FIG. 3 is a flow diagram of an Opanka construction of a steel toe shoe with a stiffener.

FIG. 4A is a cross-sectional view of a steel toe with a set of stiffener bars.

FIG. 4B is a cross-sectional view of a steel toe shoe taken along line 4B4B of FIG. 4A.

FIG. 4C is a single stiffener bar.

DETAILED DESCRIPTION

Referring to FIG. 1A, a shoe 10 of the type used in industrial or rugged outdoor environments is shown to include an upper 16 within which a steel toe 12 is positioned to protect the wearer's toes from falling heavy or penetrating sharp objects that could injure the wearer's foot. As explained in greater detail below, shoe 10 includes a stiffener 6 positioned beneath steel toe 12 to provide rigid structural support to steel toe 12 and to a toe portion 3 of the shoe while still providing flexibility to the shoe. Thus, shoe 10 has a rugged construction that provides additional structural support and comfort while, as further explained below, prevents an edge 13 of steel toe 12 from placing pressure along the top of the wearer's foot while providing a cushioning environment for the foot to rest.

Shoe 10 includes a vamp lining 20 having a shape relatively the same as upper 16 and stitched within the upper. Upper 16 is made, for example, of leather while vamp lining 20 is made from relatively soft materials, such as plush fabric to provide comfort to the wearer during walking. The bottom peripheral edge of vamp lining 20 is sewn along the periphery of a sock liner 2 using a strobel stitching or a closing stitching such that upper 16 with vamp lining 20 and sock liner 2 together define the volume of shoe 10 within which the wearer's foot is placed. Steel toe 12 is placed around a toe part 19 of vamp lining 20. Shoe 10 also includes an insole forepart 4 that is adhesively attached to the bottom of sock liner 2. Insole forepart 4 is formed from a relatively stiff insole board, such as fiberboard material and lends mechanical support to steel toe 12 at the forepart of shoe 10. In the embodiment shown, the fiberboard has a 4 iron thickness (approximately 5/64″ thickness).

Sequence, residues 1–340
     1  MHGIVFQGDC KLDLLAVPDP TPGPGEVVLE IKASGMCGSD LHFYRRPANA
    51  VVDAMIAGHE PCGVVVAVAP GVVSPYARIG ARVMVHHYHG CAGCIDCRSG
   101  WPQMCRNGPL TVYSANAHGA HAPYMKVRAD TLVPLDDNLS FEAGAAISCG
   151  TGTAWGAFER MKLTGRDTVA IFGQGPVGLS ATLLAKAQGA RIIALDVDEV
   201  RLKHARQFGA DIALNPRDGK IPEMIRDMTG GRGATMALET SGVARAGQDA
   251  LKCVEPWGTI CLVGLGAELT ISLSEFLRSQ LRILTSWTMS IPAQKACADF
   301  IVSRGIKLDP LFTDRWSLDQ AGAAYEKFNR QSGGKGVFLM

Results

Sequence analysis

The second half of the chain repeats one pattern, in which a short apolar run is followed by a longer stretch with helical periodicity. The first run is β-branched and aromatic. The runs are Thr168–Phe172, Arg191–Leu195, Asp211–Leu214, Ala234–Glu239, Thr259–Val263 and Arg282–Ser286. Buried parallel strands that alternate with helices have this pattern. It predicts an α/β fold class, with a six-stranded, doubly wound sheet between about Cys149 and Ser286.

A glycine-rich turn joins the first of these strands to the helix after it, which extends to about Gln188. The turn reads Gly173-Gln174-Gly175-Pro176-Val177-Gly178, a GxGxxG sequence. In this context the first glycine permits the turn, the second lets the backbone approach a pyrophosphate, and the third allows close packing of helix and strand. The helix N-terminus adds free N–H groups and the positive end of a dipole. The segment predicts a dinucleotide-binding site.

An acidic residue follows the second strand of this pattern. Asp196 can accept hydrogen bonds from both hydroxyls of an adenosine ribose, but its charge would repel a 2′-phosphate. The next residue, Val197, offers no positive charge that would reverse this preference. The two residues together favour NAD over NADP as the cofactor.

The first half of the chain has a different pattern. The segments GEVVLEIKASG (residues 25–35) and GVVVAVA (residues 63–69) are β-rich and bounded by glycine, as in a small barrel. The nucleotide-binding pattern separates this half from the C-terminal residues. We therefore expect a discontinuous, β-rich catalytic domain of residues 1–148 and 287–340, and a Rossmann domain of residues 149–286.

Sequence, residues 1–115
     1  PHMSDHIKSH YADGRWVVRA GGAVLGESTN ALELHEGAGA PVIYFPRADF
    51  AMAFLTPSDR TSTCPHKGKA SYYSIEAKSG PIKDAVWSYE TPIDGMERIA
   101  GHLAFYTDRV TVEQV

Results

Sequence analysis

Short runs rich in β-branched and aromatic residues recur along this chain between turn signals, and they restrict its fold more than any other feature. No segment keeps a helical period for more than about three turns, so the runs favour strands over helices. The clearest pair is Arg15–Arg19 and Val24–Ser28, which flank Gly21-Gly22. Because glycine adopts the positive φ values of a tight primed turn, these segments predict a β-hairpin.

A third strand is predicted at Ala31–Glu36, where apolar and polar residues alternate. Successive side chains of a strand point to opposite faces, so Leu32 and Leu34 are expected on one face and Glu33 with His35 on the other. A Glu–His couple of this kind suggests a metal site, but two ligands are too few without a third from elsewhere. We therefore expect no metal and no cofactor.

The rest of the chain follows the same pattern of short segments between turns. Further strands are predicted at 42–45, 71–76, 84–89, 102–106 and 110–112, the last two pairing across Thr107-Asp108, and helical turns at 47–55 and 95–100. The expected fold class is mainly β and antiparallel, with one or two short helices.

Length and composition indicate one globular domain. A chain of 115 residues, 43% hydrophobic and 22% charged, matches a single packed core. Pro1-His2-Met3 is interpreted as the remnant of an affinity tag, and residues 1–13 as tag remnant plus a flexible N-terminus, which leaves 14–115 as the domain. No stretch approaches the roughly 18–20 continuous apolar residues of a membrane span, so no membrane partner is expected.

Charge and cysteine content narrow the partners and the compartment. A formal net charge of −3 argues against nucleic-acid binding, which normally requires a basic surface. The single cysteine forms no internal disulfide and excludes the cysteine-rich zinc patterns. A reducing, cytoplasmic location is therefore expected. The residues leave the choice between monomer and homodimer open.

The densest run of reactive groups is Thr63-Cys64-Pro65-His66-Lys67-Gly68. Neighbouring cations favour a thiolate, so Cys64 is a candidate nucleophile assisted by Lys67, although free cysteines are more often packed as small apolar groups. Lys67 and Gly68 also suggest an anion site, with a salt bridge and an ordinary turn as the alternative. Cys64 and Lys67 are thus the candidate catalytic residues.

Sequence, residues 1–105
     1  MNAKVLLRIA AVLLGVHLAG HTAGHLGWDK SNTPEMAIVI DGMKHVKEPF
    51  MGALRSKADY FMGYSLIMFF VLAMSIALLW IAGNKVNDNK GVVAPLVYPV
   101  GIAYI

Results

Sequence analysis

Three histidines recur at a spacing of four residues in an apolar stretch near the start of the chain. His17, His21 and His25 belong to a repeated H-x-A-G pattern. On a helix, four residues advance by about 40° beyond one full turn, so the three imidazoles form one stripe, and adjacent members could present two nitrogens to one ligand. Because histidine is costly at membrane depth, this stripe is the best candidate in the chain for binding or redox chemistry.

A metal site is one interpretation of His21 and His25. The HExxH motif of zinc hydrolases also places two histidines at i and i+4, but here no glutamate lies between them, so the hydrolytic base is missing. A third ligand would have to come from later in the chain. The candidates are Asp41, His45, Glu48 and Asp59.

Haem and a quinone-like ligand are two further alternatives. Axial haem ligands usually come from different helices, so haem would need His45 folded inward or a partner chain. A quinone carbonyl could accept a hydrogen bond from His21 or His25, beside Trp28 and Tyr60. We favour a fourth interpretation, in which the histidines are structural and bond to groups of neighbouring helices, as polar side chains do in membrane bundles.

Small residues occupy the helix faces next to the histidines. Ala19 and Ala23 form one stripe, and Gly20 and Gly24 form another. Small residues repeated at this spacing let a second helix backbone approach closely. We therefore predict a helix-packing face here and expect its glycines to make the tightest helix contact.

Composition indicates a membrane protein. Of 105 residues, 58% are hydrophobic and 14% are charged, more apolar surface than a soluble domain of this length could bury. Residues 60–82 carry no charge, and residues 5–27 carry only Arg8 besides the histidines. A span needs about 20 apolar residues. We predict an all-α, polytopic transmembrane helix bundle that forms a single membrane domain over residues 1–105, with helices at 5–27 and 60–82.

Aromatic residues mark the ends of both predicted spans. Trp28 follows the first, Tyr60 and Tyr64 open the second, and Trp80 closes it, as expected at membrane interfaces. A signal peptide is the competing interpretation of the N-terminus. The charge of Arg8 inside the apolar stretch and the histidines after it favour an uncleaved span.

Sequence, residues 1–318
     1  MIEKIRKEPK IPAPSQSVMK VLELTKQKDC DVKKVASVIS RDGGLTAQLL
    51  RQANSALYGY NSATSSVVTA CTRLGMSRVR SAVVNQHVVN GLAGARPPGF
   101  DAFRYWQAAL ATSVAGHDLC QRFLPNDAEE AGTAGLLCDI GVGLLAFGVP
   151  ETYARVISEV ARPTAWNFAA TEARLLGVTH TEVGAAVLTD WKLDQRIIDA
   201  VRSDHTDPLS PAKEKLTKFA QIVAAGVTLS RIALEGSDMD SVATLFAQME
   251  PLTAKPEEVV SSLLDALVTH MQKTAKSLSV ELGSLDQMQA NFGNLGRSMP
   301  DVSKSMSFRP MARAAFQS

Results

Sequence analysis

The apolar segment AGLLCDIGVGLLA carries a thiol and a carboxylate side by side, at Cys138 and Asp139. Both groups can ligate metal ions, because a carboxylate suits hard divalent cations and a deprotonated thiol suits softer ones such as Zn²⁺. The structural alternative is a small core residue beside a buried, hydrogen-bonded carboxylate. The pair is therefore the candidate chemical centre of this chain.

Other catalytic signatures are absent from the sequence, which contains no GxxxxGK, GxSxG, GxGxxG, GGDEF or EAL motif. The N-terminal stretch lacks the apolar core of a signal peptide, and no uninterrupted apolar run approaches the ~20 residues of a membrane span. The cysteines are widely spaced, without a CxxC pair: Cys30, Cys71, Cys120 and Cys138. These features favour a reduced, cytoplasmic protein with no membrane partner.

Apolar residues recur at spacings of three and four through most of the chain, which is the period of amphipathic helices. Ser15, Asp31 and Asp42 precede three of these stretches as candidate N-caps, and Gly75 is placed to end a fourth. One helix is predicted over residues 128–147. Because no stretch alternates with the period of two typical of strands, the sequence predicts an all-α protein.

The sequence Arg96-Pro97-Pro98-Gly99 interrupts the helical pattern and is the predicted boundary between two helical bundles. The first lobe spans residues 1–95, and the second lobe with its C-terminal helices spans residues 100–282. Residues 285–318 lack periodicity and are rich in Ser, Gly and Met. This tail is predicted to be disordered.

Insole forepart 4 has a length that is less than the length of sock liner 2 and generally commensurate with the length of steel toe 12. In particular, the length of insole forepart 4 extends below the phalanges of the foot but generally does not extend to the metatarsals of the wearer's foot, i.e. the part of the foot between the phalanges and the tarsus. Thus, although the insole forepart is relatively stiff, flexibility of the overall shoe is maintained. Insole forepart 4 is adhesively attached to outsole 8. An outsole 8 is attached to upper 16 with Opanka stitching.

In particular, referring to FIGS. 1A1B and 2A2B, a front portion 18 of outsole is formed to include a cavity 7 within which stiffener 6 is adhesively secured. As shown in FIG. 2A, cavity 7 has a D-shape and occupies substantially the entire toe front portion of outsole 8 with a narrow peripheral wall 8A surrounding the front portion of the cavity. Stiffener 6 is sized and shaped to fit snugly within cavity 7 and has a thickness such that a top surface 26 of the stiffener is flush with a top surface 25 of outsole 8. Stiffener 6 is formed of a material (e.g., plastic), more rigid than the material of outsole 8 (e.g., rubber).

Outsole 8 with stiffener 6 is adhesively attached to insole forepart 4 except for a loose edge 9 at a toe of insole forepart 4. A flange 11 of steel toe 12 fits underneath loose edge 9 of insole 4 and rests upon stiffener 6 so that steel toe 12 is wedged between them. Thus, insole 4 and stiffener 6 provide mechanical support to steel toe. Stiffener 6 provides greater structural support than previous designs due to the increased rigidity of stiffener 6 with respect to outsole 8. Stiffener 6 also adds rigidity to the front portion of the shoe by preventing toe part from flexing up in a first direction 50 which would allow a top distal edge 13 of steel toe 12 to bend down toward the wearer's foot.

Padded material 15 is placed on top of vamp lining 20 followed by a rubber strip 14 both of which cover edge 13 of steel toe 12 to protect the wearer's foot from edge 13. In other words, adding padding material 15 and rubber strip 14 minimize any ridges on the outside and inside of the shoe by creating a smooth transition from steel toe 12 and vamp lining 20. Together rubber strip 14, padded material 15, steel toe 12 and stiffener 6 provide a comfortable cavity for the wearer's foot which protects the foot from the pressure of shoe toe edge 13 while maximizing the benefit of the protection from steel toe 12.

In this embodiment, stiffener 6 has ribs 24 formed on the upper surface of stiffener 6 while the bottom surface of the stiffener is flat. In use, ribs 24 are oriented to allow shoe system 10 ease to flex in a second direction 40 where the wearer's toe can flex upward. At the same time, stiffener 6 also provides resistance to flexing in first direction 50 where the toe moves in a downward direction.